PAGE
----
This week’s honoree: Copper Horse Crusade.
Copper Horse Crusade rescues, retrains and rehouses as many serviceable slaughter-bound horses as resources allow and is a registered non-profit.
The organization was nominated for this week’s Standing Ovation by HN reader Beth Behrens:
“I would like to nominate Julie and the barn staff at Copper Horse Crusade in Cambridge, Ohio. I found CHC and Julie when searching for my current horse two years ago and not a day goes by that I don’t silently thank her when I walk into the barn and see my horse; the thought of what his fate could have been that day if she had not been at the auction just makes me sick. He is my first ‘rescue’ horse.
Julie Copper, founder and primary driving force of Copper Horse Crusade, kindly answered our questions about how her rescue works. She emphasizes the critical importance of resource management in running her operation. “CHC believes in doing the most good for the greatest number of horses. That means using resources — time, funding, feed — to save the horses that are most likely to find good homes in a reasonable amount of time. Being involved with saving horses requires continuously making the decision on what horses to save and what horses to let go. This is never easy.”
It takes time to thoroughly evaluate an auction horse, to put that horse in a variety of different situations in order to accurately gauge training level, disposition, and soundness. Auction horses sometimes come with baggage. It is the responsibility of the organization that pulls that horse to sort through the baggage and find an owner or adopter that is appropriate.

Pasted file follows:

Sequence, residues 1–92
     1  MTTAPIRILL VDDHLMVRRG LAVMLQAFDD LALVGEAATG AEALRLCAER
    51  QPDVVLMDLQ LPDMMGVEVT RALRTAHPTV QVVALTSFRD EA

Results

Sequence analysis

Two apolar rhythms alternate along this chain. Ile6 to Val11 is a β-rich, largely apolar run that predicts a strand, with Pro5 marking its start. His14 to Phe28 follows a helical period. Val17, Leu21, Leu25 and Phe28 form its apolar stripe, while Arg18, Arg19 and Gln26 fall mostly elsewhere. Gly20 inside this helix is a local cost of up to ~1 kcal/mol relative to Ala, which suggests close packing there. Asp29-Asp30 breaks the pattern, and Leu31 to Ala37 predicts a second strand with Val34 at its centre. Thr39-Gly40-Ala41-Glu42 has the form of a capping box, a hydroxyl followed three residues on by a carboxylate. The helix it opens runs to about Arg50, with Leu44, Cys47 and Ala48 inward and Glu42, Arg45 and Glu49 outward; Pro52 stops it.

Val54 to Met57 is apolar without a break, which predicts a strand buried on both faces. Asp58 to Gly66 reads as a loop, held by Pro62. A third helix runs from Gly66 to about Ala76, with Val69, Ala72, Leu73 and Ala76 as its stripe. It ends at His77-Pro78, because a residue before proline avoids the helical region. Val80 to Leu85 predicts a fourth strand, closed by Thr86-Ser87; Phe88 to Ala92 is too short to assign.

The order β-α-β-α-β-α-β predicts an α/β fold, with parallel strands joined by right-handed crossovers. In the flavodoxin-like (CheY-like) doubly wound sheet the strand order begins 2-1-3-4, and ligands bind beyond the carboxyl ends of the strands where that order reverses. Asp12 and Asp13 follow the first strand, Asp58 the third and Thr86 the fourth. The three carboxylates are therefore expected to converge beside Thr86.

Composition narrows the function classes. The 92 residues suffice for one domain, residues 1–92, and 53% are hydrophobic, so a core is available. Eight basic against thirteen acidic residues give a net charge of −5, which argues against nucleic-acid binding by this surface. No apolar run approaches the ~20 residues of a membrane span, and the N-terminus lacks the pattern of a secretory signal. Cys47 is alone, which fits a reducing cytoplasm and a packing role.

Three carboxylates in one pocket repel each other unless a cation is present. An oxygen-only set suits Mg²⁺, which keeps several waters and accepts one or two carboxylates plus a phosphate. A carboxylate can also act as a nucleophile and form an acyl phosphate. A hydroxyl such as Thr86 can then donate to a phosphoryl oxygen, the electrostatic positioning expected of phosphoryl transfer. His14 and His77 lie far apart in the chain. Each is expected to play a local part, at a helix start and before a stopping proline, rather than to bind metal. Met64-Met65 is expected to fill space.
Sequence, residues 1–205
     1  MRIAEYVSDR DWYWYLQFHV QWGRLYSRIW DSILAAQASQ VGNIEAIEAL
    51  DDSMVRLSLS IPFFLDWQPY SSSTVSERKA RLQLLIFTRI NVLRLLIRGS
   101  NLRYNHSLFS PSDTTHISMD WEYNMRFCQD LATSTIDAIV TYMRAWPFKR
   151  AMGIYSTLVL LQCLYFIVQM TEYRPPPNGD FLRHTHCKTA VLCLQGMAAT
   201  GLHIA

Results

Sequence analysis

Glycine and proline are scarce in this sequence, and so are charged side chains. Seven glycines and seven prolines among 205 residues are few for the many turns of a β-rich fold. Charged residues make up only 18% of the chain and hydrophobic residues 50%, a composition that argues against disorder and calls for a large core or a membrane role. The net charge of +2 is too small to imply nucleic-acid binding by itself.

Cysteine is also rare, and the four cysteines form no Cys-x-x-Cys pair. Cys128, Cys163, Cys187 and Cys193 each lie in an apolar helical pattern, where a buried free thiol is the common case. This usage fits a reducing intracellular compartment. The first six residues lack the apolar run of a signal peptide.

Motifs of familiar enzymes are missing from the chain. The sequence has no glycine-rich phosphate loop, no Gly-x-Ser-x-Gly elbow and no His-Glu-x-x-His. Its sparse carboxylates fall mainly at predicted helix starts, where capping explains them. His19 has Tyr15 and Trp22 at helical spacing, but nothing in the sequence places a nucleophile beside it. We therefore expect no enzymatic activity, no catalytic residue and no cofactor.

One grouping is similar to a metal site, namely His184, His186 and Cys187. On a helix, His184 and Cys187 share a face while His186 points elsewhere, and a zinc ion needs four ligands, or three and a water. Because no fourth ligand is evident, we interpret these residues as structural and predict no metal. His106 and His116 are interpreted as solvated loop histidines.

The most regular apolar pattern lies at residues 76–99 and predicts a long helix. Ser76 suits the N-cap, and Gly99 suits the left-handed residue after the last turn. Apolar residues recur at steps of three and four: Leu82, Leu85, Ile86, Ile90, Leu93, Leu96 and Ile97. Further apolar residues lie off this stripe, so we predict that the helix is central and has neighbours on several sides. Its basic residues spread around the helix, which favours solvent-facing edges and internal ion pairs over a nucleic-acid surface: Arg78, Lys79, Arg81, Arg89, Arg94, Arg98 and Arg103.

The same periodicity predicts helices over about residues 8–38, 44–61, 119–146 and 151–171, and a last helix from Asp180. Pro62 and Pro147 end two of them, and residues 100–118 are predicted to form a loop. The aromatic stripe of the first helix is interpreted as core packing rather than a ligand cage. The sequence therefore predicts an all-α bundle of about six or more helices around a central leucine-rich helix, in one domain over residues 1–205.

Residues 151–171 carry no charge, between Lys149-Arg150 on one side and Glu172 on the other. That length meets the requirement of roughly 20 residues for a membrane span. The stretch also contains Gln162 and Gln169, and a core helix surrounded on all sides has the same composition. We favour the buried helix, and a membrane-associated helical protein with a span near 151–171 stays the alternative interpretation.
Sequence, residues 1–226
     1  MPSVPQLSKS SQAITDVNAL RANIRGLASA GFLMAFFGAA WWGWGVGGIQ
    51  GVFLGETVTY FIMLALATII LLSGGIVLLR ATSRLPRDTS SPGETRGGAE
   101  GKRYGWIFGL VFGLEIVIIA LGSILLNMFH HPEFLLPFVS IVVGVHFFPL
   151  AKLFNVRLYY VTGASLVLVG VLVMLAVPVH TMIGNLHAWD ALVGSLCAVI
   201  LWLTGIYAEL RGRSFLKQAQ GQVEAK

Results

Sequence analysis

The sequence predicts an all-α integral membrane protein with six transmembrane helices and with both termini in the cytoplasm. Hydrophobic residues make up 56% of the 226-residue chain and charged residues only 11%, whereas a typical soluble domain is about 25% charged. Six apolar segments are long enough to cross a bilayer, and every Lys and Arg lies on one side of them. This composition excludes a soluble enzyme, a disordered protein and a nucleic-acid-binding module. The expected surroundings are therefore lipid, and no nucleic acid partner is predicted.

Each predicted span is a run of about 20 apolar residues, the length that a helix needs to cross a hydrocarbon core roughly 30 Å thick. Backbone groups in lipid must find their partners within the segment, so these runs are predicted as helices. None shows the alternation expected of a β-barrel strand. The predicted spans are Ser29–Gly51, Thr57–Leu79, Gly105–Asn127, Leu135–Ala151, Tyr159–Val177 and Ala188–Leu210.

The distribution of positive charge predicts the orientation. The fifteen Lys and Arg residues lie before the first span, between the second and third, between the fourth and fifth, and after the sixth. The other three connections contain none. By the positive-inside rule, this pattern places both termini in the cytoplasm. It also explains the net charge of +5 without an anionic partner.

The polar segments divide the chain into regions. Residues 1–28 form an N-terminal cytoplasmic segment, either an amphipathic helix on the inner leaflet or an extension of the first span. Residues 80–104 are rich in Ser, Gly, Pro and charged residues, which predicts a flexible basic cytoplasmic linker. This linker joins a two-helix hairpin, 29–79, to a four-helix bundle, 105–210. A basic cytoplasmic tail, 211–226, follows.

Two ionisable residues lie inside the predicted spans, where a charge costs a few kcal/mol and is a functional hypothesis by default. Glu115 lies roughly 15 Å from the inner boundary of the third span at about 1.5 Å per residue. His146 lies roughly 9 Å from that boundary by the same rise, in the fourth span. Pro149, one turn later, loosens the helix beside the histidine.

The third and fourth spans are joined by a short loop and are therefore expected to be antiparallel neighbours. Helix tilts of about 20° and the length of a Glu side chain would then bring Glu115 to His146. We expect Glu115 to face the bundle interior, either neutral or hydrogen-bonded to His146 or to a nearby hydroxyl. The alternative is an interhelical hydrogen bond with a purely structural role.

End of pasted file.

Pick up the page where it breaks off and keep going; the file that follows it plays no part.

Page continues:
Horse rescues are not exempt from the principles of resource management and sustainability. Feed, hay, time, money and space are all resources that have to be managed wisely in order to do the most good for the greatest number of horses. When the number of horses that a rescue takes in exceeds the amount of resources available, bad things happen. Saving horses takes more than good intentions. It takes sound business principles, responsible resource management and a lot of commitment and hard work.
With as many as 80 horses coming through the CHC barn in a year, we are often out of names. Instead of a hip tag number, a CHC follower can name a horse for a $25 donation. We call this the Name Game.
Closing thoughts from Julie:
An operation like this is a lot of hard work, requiring huge amounts of dedication and commitment. It’s really tough emotionally. Being involved with CHC allows one to see the best of people, coming together to save a horse, and also the worst of people, who have no regard for their horse. Maintaining balance and perspective is important. The work can seem overwhelming. We would really like to gain greater exposure for CHC, reaching more people to support our work and thus saving even more horses.